I see in the news that people are being paid big bucks to advertise products on their foreheads or other parts of their bodies. Everyone who joins in the beard growing contest can be a sesquicentennial advertisement. I wonder if we can take a charitable deduction on our income taxes for offering up our chins in the name of county-wide community spirit? Maybe that would help move more people to join in the fun.

I was at the meeting Sunday afternoon at Peggy Sue's where reporting was done on the dialogue sessions held about county strengths and weaknesses. Discussion was held about looking for economic development for the area to come in tourism and recreational areas and in developing small business opportunitites instead of looking for some big industry to move into the area. They suggested looking to the businesses and industries we already have such as agriculture and see what it would take to help the owners grow the business to expand and employ more people.

That, and a comment about how we don't do a very good job of tooting our own horns about the positive opportunities for a good life we have in the area, got me to thinking about ways to market the message.

If growing a beard and sharing why it was being done could generate interest in the sesquicentennial, what other ways could be advertised and help get the message out?

Valle and I have made so many trips to Independence, MO, in the past few weeks that we are beginning to recognize some of the semis making the trip. One is a Hy-Vee truck wich has a driver that won a truck driving rodeo. If we come up with some type of theme forinviting people to come experience life in southern Iowa, maybe we could get it plastered on the trucks that area truck drivers drive. Maybe we could come up with license plate holders with a message like "Ask me about outdoor life in southern Iowa." Maybe a bumper sticker would be more appropriate.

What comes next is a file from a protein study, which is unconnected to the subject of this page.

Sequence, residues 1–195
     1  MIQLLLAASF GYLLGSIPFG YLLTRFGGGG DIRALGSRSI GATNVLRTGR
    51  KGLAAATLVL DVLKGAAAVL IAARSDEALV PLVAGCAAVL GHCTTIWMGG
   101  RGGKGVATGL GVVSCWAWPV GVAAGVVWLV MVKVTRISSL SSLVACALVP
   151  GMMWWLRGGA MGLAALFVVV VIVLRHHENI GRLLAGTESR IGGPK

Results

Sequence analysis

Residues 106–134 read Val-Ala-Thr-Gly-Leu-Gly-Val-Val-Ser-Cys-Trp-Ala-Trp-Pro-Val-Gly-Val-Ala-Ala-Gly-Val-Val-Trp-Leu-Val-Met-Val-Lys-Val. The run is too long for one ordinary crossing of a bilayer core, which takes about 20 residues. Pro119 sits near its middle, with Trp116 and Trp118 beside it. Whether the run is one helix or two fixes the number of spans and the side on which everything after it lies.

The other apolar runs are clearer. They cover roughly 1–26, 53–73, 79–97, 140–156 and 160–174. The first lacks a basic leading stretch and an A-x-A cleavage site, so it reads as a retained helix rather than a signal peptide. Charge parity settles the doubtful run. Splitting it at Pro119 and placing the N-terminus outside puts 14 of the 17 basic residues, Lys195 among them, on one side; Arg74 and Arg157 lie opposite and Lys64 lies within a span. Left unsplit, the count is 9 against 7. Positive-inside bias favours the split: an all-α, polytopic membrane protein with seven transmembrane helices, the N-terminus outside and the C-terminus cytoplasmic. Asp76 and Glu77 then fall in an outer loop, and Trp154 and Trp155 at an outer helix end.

Maybe some sort of lapel pin -- like those worn by Lions Club members -- would be a way to get a conversation going where benefits of our area could be shared with a stranger who asked about the pin. Maybe there is some other aspect of clothing that would stand out and make a statement. Maybe the Red Hat Society from the area should have another bright color other than the traditional purple and red as part of their ensembles when they travel. When asked about it, they could promote southern Iowa.

Maybe it is a big green ribbon that is on the car with a decal or wrapped around the car antennae or a green ribbon worn with outfits that stands for "Go to southern Iowa for outdoor fun." The green would fit in with the major color theme for the square in Mount Ayr.

Maybe if we become part of regional tourism efforts for traveling along Highway 2 or Highway 169, we could develop road sign decals to go on cars and businesses and on stationery and other items which would emphasize that we are part of this area.

Maybe you have a better idea.

Getting started on a beard for the sesquicentennial has gotten me thinking about other ways we can share the message of what we have in southern Iowa. I hope it doesn't stop when I shave it off later. It's too important.

Transcription by Sharon R. Becker, November of 2012